Screening Tests

 A mother’s joy begins when new life is stirring inside… when a tiny heartbeat is heard for the very first time, and a playful kick reminds her that she is never alone.” – Unknown


Screening tests help us check that everything is progressing normally and that both you and baby are healthy.  Here is an explanation of the routine tests you will have during your pregnancy.


(Combined first trimester screening)

This consists of a maternal blood test taken from 10 weeks gestation and a fetal ultrasound for nuchal translucency done at 12-13 weeks gestation.  The results are put into a mathematical calculation along with other factors such as maternal age and you receive a risk assessment of the likelihood of your baby having a chromosomal abnormality - particularly Down's syndrome risk.  The test is only a risk assessment so there are false positives (when you screen high risk but your baby is healthy), and false negatives (when you screen low risk but your baby has Down's syndrome).   Overall the test picks up about 85% of babies with Down's syndrome.   Currently, the Ministry of Health funds the combined maternal serum test. 


The nuchal translucency scan measures the thickness of the black space (fluid) in the neck area of the foetus.  In most pregnancies some fluid can be seen however if there is more than the normal amount of fluid, then the risk of chromosomal abnormality is increased.  There are some other implications of increased fluid which will be explained if relevant.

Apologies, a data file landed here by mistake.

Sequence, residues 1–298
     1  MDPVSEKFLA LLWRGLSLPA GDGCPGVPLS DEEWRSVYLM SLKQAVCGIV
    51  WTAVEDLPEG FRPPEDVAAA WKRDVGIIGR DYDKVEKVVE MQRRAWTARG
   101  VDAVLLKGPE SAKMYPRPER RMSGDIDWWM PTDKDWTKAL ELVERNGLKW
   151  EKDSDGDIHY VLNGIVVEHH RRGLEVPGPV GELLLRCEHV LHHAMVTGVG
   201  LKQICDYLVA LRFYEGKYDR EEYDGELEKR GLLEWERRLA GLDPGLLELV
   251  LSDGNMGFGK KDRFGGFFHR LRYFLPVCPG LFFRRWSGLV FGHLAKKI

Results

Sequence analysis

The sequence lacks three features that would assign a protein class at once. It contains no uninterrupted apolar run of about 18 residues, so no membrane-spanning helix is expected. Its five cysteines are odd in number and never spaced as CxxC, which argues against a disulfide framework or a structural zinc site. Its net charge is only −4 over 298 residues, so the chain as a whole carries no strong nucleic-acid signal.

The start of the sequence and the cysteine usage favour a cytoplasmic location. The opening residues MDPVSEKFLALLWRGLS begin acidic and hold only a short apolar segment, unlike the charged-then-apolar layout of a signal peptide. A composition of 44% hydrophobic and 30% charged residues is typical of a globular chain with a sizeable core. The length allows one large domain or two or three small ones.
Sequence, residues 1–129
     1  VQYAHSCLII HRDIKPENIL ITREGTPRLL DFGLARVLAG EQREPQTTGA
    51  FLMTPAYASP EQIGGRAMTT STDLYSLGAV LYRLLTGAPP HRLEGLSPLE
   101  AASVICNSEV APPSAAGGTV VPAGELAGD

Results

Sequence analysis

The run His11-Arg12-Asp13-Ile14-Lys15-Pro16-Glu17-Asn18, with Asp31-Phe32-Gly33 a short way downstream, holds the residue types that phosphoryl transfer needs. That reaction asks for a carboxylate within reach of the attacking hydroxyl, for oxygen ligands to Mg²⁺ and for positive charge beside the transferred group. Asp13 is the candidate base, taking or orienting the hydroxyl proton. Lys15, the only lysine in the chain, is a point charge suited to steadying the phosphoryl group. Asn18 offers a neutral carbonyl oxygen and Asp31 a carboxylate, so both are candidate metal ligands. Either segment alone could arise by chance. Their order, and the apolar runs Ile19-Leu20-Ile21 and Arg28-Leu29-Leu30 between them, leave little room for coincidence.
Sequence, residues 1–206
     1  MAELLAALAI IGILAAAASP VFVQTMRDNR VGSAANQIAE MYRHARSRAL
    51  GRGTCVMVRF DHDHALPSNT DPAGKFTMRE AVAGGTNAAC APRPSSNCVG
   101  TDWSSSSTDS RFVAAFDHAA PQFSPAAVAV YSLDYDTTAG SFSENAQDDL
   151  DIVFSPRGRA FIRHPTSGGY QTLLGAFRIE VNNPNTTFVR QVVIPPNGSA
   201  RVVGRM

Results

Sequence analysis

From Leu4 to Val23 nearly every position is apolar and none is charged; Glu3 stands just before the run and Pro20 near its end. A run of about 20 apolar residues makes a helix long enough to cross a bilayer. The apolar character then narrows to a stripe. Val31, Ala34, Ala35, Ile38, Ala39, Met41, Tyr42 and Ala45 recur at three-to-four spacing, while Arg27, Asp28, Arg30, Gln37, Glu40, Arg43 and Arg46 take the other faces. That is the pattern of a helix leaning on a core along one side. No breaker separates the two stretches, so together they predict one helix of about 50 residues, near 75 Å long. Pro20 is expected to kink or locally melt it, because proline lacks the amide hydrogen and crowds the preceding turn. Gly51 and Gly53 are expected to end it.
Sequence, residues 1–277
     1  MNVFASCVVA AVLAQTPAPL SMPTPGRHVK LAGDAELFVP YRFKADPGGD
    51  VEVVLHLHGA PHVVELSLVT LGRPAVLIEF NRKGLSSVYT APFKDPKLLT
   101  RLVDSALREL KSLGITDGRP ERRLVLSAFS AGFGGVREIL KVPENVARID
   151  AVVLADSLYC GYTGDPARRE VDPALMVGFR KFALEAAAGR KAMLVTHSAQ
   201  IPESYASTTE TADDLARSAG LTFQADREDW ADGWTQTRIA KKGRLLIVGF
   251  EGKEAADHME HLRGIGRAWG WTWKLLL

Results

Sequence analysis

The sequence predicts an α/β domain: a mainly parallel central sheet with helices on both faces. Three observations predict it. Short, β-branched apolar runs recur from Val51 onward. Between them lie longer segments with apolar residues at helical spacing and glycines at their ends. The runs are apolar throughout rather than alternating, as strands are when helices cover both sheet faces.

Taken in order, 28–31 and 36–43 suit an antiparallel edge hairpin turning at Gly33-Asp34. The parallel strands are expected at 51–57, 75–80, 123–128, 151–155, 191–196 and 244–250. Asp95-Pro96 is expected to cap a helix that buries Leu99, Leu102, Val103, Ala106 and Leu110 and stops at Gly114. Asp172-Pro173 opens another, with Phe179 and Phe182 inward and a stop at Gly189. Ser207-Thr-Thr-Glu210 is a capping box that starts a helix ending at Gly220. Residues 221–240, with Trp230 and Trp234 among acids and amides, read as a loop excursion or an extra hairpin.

This is a highly accurate maternal blood test for identifying pregnancies at increased risk of chromosome conditions such as Down's syndrome.  It detects >99% of Down's syndrome pregnancies and is available privately from 10 weeks of pregnancy.  Illumiscreen is currently available for around $500.00.


Amniocentesis is usually performed at 15+ weeks gestation and is an invasive diagnostic test where a sample of the amniotic fluid (water surrounding he baby) is withdrawn using ultrasound guidance and the foetal cells in the fluid examined for chromosome abnormalities.


The anatomy scan is between 18-20 weeks gestation and will look at how the baby is developing.  A systematic examination of the baby looks closely at all limbs, organs such as the heart, brain and kidneys, to check for abnormalities. It also looks at the location of the placenta in the uterus. It may be possible to tell the sex of the baby if all limbs are in a suitable position.